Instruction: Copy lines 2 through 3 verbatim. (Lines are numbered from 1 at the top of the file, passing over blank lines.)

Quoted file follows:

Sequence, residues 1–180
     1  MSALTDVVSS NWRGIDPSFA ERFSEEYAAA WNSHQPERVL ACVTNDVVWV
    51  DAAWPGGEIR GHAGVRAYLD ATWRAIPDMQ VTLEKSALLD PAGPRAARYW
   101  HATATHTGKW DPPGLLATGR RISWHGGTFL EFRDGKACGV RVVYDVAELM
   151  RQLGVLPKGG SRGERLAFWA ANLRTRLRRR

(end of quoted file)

     1  MSALTDVVSS NWRGIDPSFA ERFSEEYAAA WNSHQPERVL ACVTNDVVWV
    51  DAAWPGGEIR GHAGVRAYLD ATWRAIPDMQ VTLEKSALLD PAGPRAARYW